Of course, the idea of literally taking refuge behind the True Cross didn’t originate with me. The crusaders tried the same thing to disastrous effect in 1187. But I have to say, it was no small comfort to know that a physical remnant of something as tried and true as Calvary was with me as I watched the bow of my vessel plunge farther and farther out into the Atlantic that May evening off the mouth of the Chesapeake.
The sight of land disappeared beneath the western horizon. I would see no land at all or another human being for thirteen days. In that span of time, I experienced some of the most abysmal weather of my forty years of sailing. There were fierce storms and maddening calms. There was even a plague of biting flies that flew sorties against my boat from carriers of floating Sargasso in the Gulf Stream. Hundreds of their corpses littered the cabin. Hundreds more flew around my head. But most surprising of all was the fact that the direction of the wind shifted, as if it had a mind of its own, to oppose my efforts to reach every destination. A nor’easter rose up out of nowhere when I was forty-five miles from Bermuda and prevented my landfall, there. When I was coming back across the Atlantic from Bermuda toward Charleston, a westerly gale forced me to alter my heading to the north and come ashore in Wrightsville Beach, North Carolina. When I headed south, hoping again to fetch Charleston, a southerly gale forced me ashore in Georgetown.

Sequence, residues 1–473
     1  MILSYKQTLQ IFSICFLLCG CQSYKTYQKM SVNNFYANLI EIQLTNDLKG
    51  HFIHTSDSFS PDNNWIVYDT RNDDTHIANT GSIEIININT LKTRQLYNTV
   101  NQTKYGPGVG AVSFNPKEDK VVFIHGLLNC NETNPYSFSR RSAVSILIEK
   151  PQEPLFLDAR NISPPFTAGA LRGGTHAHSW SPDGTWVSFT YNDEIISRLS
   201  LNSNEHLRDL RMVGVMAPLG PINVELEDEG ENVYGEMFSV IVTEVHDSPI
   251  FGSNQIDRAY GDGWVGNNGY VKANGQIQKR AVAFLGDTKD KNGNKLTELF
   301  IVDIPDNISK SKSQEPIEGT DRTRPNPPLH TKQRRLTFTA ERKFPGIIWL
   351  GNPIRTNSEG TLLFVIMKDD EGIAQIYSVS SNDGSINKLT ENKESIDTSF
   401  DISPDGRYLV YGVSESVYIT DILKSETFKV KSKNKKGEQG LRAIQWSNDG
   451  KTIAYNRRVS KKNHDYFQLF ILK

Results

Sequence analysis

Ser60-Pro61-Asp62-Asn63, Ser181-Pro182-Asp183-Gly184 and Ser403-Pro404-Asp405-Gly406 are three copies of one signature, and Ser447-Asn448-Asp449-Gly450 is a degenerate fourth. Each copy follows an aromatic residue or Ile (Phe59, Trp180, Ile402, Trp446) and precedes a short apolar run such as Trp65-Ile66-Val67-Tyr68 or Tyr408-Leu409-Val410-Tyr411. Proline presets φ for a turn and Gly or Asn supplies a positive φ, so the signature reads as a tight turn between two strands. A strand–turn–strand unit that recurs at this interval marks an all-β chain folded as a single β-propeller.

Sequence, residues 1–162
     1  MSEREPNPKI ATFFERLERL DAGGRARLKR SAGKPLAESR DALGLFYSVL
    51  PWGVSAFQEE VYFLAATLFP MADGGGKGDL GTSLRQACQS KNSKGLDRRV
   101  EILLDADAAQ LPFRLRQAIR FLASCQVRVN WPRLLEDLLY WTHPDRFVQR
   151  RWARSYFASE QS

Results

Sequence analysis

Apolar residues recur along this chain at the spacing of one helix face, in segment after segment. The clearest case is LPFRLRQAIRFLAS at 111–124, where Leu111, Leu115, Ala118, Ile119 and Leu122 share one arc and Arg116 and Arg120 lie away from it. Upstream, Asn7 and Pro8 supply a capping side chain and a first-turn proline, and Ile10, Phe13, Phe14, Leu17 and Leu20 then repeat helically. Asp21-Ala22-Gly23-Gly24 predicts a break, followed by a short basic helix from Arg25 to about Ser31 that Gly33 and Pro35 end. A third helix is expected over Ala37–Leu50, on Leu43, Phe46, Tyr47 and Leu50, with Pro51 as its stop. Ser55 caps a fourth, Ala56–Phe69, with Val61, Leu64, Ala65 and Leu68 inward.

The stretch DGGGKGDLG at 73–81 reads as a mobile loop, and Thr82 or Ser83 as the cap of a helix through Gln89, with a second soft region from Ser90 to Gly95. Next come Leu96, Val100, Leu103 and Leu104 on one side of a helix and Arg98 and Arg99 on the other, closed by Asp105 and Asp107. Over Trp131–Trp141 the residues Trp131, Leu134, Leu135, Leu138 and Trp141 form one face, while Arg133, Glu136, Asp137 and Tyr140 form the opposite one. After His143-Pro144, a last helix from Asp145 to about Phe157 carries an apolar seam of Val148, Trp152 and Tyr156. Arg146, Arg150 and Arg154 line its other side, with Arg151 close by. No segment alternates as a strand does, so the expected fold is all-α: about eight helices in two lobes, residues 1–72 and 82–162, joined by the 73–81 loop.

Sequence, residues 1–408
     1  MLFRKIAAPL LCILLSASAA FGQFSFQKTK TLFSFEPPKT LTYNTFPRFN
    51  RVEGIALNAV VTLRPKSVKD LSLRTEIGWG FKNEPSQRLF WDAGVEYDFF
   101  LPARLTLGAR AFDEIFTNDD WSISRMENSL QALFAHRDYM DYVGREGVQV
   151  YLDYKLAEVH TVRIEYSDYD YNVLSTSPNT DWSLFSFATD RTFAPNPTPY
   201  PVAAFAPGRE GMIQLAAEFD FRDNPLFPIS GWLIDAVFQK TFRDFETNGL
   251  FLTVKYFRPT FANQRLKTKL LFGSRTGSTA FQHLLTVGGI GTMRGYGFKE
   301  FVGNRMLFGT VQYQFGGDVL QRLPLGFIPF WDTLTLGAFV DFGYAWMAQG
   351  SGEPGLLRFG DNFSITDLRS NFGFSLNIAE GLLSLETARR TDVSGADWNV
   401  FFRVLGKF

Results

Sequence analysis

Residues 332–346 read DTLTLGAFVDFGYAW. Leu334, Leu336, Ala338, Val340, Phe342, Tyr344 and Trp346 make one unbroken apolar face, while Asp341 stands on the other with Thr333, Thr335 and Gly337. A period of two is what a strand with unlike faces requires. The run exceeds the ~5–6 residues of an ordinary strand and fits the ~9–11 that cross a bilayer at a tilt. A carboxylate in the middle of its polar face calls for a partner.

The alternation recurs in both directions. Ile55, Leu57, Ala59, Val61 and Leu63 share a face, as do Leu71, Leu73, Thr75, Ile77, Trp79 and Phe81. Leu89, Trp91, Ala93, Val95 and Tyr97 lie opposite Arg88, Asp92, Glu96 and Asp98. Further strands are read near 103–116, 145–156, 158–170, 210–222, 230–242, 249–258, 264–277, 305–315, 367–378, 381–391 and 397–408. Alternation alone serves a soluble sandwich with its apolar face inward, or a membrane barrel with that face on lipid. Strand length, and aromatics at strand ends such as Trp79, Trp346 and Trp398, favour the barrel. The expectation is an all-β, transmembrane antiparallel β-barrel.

As I worked through my frustration over this weather, it occurred to me that if what I wanted in life was smooth sailing—on land or at sea—aligning myself and my vessel with the cross of Christ, while certainly the best plan in the long run, was just as certainly going to lead me into some storms in the short run. Not for nothing did the world reject and crucify our Lord, and while it is tempting in our peaceful, largely Judeo-Christian country to assume that the sign of his cross is as welcome as Christmas, the forces of this world still oppose him and those who sail under his banner. If you don’t believe me, read the 27th and 28th chapters of Acts to learn what happened to the Apostle Paul when he stepped aboard a sailboat bound for Rome. Everything that could go wrong did go wrong. The voyage ended badly for the vessel and some of her crew but wonderfully for St. Paul and the faith and hope of all mankind.
So, when you see a boat out in Charleston Harbor that seems to be fighting for her life and buffeted by contrary winds at every tack, there is no cause for alarm. Rest assured it is only Hurley aboard his beloved Prodigal, carrying his cross as best he can.
“In this world you will have tribulation; but be of good cheer, I have overcome the world.” John 16:33
— Michael Hurley, Grace Church, Charleston